someMethod(); // [object Window]

Changing this context

There are often many reasons why we need to change the context of a function, and thankfully we have a few methods at our disposal, these being .call(), .apply() and .bind().

Using any of the above will allow you to change the context of a function, which in effect will change the this value. You’ll use this when you want this to refer to something different than the scope it’s in.

Using .call(), .apply() and .bind()

You will often hear that “Functions are first class Objects,” which means that they can also have their own methods!

The .call() method allows you to change the scope with a specific syntax ref:

.call(thisArg[, arg1[, arg2[, ...]]]);

Usage would look something like this:

someMethod.call(anotherScope, arg1, arg1);

You’ll notice further arguments are all comma separated - this is the only difference between .call() and .apply():

someMethod.call(anotherScope, arg1, arg1); // commas
someMethod.apply(anotherScope, [arg1, arg1]); // array

With any of the above, they immediately invoke the function. Here’s an example:

var myFunction = function () {
  console.log(this);
};
myFunction.call();

Without any arguments, the function is just invoked and this will remain as the window Object.

Here’s a more practical usage, this script will always refer to the window Object:

var numbers = [{
  name: 'Mark'
},{
  name: 'Tom'
},{
  name: 'Travis'
}];
for (var i = 0; i < numbers.length; i++) {
  console.log(this); // window
}

The forEach method also has the same effect, it’s a function so it creates new scope:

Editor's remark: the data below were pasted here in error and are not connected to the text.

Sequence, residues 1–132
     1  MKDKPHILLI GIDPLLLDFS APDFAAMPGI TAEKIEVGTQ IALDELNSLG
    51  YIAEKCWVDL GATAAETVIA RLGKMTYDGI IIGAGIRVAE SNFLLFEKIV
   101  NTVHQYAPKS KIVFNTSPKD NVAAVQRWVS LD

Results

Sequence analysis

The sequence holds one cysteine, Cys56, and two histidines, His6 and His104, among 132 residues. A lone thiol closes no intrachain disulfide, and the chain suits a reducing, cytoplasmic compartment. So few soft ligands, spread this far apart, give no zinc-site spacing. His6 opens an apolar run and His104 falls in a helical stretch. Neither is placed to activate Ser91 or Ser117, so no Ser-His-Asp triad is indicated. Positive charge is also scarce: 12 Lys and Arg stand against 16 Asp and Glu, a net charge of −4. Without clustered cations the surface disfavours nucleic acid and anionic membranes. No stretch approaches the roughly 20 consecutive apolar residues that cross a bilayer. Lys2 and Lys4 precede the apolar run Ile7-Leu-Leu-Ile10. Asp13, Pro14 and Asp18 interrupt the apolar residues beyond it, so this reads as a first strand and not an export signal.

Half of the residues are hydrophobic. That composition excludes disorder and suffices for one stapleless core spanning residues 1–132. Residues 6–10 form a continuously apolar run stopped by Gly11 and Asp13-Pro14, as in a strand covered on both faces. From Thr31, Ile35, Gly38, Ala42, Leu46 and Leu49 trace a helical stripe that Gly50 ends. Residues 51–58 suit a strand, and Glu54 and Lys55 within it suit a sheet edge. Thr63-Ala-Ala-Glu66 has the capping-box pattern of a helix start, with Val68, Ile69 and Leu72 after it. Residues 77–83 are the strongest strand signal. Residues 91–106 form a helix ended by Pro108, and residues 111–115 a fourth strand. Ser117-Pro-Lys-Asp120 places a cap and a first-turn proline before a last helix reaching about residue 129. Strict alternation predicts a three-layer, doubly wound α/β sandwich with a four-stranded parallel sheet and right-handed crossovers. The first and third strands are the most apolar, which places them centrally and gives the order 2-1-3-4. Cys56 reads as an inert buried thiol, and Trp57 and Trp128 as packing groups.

var numbers = [{
  name: 'Mark'
},{
  name: 'Tom'
},{
  name: 'Travis'
}];
numbers.forEach(function () {
  console.log(this); // window
});

We could change each iteration’s scope to the current element’s value inside a regular for loop as well, and use this to access object properties:

var numbers = [{
  name: 'Mark'
},{
  name: 'Tom'
},{
  name: 'Travis'
}];
for (var i = 0; i < numbers.length; i++) {
  (function () {
    console.log(this.name); // Mark, Tom, Travis
  }).call(numbers[i]);
}

This is especially extensible when passing around other Objects that you might want to run through the exact same functions.

forEach scoping

Not many developers using forEach know that you can change the initial scope context via the second argument:

numbers.forEach(function () {
  console.log(this); // this = Array [{ name: 'Mark' },{ name: 'Tom' },{ name: 'Travis' }]
}, numbers); // BOOM, scope change!

Of course the above example doesn’t change the scope to how we want it, as it changes the functions scope for every iteration, not each individual one - though it has use cases for sure!

To get the ideal setup, we need:

var numbers = [{
  name: 'Mark'
},{
  name: 'Tom'
},{
  name: 'Travis'
}];
numbers.forEach(function (item) {
  (function () {
    console.log(this.name); // Mark, Tom, Travis
  }).call(item);
});

.bind()

Using .bind() is an ECMAScript 5 addition to JavaScript, which means it’s not supported in all browsers (but can be polyfilled so you’re all good if you need it). Bind has the same effect as .call(), but instead binds the function’s context prior to being invoked, this is essential to understand the difference. Using .bind() will not invoke the function, it just “sets it up”.

Here’s a really quick example of how you’d setup the context for a function, I’ve used .bind() to change the context of the function, which by default the this value would be the window Object.

var obj = {};
var someMethod = function () {
  console.log(this); // this = obj
}.bind(obj);
someMethod();

This is a really simple use case, they can also be used in event handlers as well to pass in some extra information without a needless anonymous function:

var obj = {};
var element = document.querySelector('.elem');
var someMethod = function () {
  console.log(this);
};
element.addEventListener('click', someMethod.bind(obj), false); // bind

“Jumping scope”

I call this jumping scope, but essentially it’s just some slang for accessing a lexical scope reference (also a bit easier to remember).